In 1962 John Glenn became the first American to orbit Earth. His passing this month is a good excuse to remember the Space Age and Atomic Era and to consider this period's influence on gardening.
The Sunken Garden we see above at West of the Lake Gardens in Manitowoc, Wisconsin provides a great example of a Space Age garden: easy to care for mono-culture beds, modernist inspired furniture, and an Asian influence.
The 1950’s were marked by some incredible events. The first atomic bombs were detonated on civilians in 1945. The first images of earth came from captured German V-2 rockets in 1947. The first nuclear power plant opened in England in 1956. The Soviet Union launched Sputnik I, the first artificial satellite, in 1957. John Glenn orbited the earth in 1962. Apollo 17 astronauts captured the famous “Blue Marble” photo of our earth in 1972.
Popular culture both celebrated and questioned our role. The Jetsons cartoon launched in 1962 – showcased flying cars, robotic maids, and moving sidewalks. Star Trek first aired in 1966. Stanley Kubrick's film 2001: Space Odyssey premiered in 1968.
This was a time when we were grappling with technologies that had tremendous potential for good as well as for destruction. From a garden design perspective, optimism, innovation, affordability, and cross-cultural ideas dominated.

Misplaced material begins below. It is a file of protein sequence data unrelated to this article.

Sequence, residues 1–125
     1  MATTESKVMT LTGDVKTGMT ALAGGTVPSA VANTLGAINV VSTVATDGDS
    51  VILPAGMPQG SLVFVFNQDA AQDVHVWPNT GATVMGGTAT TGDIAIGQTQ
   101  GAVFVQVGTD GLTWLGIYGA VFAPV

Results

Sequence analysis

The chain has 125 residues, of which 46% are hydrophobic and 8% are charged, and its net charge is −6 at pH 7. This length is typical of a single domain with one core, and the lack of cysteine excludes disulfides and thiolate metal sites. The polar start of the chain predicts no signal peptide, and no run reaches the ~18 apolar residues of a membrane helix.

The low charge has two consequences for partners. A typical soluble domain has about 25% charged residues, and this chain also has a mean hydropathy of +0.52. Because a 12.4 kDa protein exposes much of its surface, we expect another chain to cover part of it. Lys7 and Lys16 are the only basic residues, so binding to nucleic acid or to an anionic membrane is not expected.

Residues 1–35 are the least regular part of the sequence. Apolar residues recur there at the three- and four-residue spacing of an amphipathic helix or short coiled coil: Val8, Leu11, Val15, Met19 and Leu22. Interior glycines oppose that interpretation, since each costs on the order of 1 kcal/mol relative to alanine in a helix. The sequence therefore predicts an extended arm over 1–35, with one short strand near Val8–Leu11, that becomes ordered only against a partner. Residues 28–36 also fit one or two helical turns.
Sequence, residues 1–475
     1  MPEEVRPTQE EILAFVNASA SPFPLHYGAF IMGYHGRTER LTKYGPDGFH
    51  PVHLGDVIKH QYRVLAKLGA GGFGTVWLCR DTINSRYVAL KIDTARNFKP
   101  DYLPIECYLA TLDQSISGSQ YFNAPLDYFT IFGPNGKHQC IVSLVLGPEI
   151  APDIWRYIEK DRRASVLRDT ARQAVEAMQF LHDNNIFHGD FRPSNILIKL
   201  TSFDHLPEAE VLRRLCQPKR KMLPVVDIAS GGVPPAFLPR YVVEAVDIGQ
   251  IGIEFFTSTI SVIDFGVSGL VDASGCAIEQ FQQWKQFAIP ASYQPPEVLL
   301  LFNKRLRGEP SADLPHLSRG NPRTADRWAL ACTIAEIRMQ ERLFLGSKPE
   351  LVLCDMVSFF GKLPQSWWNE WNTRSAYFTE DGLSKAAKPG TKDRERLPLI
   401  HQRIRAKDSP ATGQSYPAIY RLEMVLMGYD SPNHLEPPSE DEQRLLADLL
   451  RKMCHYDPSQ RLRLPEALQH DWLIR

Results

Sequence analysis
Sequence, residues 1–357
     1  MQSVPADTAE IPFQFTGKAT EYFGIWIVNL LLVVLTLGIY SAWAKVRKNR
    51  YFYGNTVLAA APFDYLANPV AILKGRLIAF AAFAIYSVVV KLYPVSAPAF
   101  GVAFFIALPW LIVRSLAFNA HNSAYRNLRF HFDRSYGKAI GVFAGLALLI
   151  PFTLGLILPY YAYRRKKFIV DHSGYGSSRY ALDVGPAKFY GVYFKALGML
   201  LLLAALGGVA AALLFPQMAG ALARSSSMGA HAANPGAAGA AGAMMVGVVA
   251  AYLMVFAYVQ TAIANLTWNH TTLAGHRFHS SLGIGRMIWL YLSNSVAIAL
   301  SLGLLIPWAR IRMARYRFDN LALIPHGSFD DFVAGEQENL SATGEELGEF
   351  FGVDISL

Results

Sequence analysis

“The years following World War II were characterized by enormous change on every level. The war ended, leaving a new worldwide generation of veterans with young families struggling to rebuild their lives. The pressing need for inexpensive housing and furnishings spurred a boom in design and production. A new optimism—filled with the promise of the future—prevailed. In particular, a blurring of Eastern and Western aesthetics and technology represented an entirely new cultural fusion. New materials and technologies, many of which had been developed during wartime, helped to free design from tradition, allowing for increasingly abstract and sculptural aesthetics as well as lower prices for mass-produced objects.”
The Sunken Garden at West of the Lake is a great example. 1950’s Maurizio Temestini designed outdoor wrought iron chairs complete the picture and root this garden in the Space Age. Temestini’s design, called “Radar,” was inspired by the radar dish.
The rest of the garden features formal rectangular beds around a sunken pool. Flowering annuals – hot pink and yellow Portulaca, a drought tolerant succulent with tissue-like flowers – fill the beds. A pair of baby Buddhas add an Asian touch.
West of the Lake Gardens represent a life-time of gardening by Ruth St. John. Mostly gardenesque in style, with carefully planted ribbons of colorful annuals, St. John comfortably mixed styles across her 6-acre, Lake Michigan waterfront property. “In the 1970's and 1980's, a strong eastern influence became evident throughout the garden. It is this influence that still dominates the garden's appearance today,” according to West of the Lake Gardens.